Sands Of Time (1969)
Johnny Rivers' mid-'60s hits may have set in motion the rock & roll revivalism that culminated in Grease and Sha-Na-Na in the '70s, but Jay and the Americans did their part, too, beginning with the 1968 LP Sands of Time. Covering a dozen doo wop singles from the group's own days as street corner singers, Sands of Time updates the material with prominent drums, busy electric bass, and occasional modern-sounding electric guitar solos. It would be impossible to mistake these performances for the originals, informed as they are by the folk-rock vocal groups of the late '60s. The lead-off track, "This Magic Moment," became a million-seller and the group's first Top Ten hit in over three years, which gave them sufficient encouragement to stick with their new oldies rock & roll format for a while. "When You Dance" and "Hushabye" became minor hits, and the closing track, "Goodnight My Love," begins with an Alan Freed aircheck, capping an entertaining and paradoxically forward-looking bit of nostalgia.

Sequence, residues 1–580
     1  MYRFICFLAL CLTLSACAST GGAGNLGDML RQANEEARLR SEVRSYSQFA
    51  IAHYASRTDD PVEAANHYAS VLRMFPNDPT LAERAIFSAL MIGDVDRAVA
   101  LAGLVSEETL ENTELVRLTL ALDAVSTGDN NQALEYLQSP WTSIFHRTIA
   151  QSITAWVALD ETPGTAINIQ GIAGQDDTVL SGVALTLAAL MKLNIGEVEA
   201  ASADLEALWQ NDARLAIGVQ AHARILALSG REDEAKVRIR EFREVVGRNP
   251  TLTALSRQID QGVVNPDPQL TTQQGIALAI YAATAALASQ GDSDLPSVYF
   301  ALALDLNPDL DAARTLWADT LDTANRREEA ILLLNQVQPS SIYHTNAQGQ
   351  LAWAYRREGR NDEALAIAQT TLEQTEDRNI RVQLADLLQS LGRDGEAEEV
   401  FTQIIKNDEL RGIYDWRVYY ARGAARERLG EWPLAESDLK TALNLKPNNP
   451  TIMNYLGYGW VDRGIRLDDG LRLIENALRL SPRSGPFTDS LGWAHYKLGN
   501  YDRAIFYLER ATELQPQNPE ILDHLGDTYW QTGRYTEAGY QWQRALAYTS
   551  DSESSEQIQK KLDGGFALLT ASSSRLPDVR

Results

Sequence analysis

Wax Museum (1970)
Wax Museum was the follow-up to the successful oldies revivalism of Jay and the Americans' previous album, Sands of Time, and was also the group's last charting album. "Walkin' in the Rain," an excellent cover of a 1964 Ronnettes hit, made the Top 20, but the album produced no further singles and didn't quite reach the album Top 100. The band later complained that they recorded only reference vocals for the album and United Artists released it before they could set down the finished tracks. The performances are a little weak in spots, but not glaringly so. The inclusion of Ian & Sylvia's "You Were on My Mind" is inconsistent with the theme of the album and sounds a little odd sequenced immediately before "Johnny B. Goode," but the band seems equally capable of handling folk-pop material. Wax Museum fails to attain the heights of Sands of Time, but has several worthwhile moments in addition to "Walkin' in the Rain."